Rainfall in the area is so high so a charity called 'Practical Action' helped install 50 schemes providing electricity for 30,000 people. Micro-hydro schemes generate an electric capacity of less than 100KW. The water is diverted from a stream to a high point of the valley side and then down a pipe to turn a turbine. These are considered appropriate technology as they are appropriate for the local skills. They are low cost and involve the local people.
Social - local people involved in all stages of the scheme, health care is improved as electricity allows storage of medicines, electricity for schools, training of local people to operate the technology gives them skills.
Economic - cheaper electricity than a large HEP scheme, scheme uses local skills and cheap technology, 60% of people in the area said that their income had increased.
Environmental - avoids flooding large areas of land that would take away farm land, avoids the need to burn wood from local trees for fuel, replaces use of fossil fuels.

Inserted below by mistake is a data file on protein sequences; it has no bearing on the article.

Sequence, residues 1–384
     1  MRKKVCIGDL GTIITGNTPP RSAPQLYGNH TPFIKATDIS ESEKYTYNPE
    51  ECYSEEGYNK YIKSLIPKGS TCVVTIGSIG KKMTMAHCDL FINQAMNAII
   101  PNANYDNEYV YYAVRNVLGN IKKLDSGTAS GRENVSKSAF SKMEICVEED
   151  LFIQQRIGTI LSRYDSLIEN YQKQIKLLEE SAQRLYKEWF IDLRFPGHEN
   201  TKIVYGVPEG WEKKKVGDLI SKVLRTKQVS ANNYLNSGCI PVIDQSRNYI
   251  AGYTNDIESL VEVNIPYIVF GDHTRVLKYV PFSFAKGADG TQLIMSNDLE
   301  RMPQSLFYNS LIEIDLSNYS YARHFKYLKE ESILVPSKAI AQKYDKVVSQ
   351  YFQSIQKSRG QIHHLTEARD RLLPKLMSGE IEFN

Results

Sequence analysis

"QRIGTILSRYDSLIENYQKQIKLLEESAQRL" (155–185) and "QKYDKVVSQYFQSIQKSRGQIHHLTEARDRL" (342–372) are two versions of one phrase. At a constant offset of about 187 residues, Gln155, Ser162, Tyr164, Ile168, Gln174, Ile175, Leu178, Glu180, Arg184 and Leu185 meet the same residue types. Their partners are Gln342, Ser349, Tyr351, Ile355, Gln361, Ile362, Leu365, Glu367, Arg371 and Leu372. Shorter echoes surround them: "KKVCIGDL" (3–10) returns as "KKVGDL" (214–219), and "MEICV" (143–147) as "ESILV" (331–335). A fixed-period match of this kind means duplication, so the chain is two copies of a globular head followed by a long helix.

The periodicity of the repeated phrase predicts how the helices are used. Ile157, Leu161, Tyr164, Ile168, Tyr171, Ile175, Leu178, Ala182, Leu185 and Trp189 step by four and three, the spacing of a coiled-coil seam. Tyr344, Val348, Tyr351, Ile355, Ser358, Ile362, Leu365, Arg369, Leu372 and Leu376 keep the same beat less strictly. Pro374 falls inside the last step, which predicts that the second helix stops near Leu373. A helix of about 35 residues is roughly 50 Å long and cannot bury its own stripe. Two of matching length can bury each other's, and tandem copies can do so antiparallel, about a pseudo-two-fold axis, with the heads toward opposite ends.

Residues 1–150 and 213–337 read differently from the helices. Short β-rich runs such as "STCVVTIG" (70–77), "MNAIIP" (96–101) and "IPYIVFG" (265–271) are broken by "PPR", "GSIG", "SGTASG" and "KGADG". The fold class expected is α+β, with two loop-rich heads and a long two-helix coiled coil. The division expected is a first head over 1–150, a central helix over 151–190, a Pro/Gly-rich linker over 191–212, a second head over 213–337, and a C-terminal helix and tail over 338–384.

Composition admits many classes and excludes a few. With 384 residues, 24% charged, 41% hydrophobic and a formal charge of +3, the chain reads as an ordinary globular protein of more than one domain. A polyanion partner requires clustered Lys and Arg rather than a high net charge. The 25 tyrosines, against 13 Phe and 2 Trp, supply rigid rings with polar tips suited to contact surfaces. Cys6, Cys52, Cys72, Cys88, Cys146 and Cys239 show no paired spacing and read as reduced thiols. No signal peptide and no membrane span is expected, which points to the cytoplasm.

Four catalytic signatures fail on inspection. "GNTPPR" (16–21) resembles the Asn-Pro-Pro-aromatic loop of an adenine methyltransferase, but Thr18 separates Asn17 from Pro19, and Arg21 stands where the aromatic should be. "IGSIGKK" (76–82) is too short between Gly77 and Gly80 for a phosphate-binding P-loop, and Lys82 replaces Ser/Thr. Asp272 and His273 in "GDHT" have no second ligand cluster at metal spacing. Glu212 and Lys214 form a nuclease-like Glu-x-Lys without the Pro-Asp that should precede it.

Social - poor people have to pay for the metered electricity, some villages have doubled in size creating population pressures.
Economic - demand for electricity is variable, initial capital cost is high for a poor village, some specialised equipment has to be imported.
Environmental - small storage dam is needed which alters the flow of the river and spoils the scenery.
Characteristics of sustainable development in rura
Features of sustainable schemes are:
Small overall impact on the natural environment,
Local people involved in all stages of planning and choice,
Initial cost and maintenance is low enough for local people to afford,
Long term benefits for the local population,
Appropriate technology for the locals education and skills.
Bottom up schemes consider - futurity, environment protection, equality of opportunity, involved local people.
Top-down schemes focus on national problems and often over look the rural poop and do very little to improve the lives of locals whereas bottom-up schemes focus on small areas and are often more appropriate and sustainable in the long term.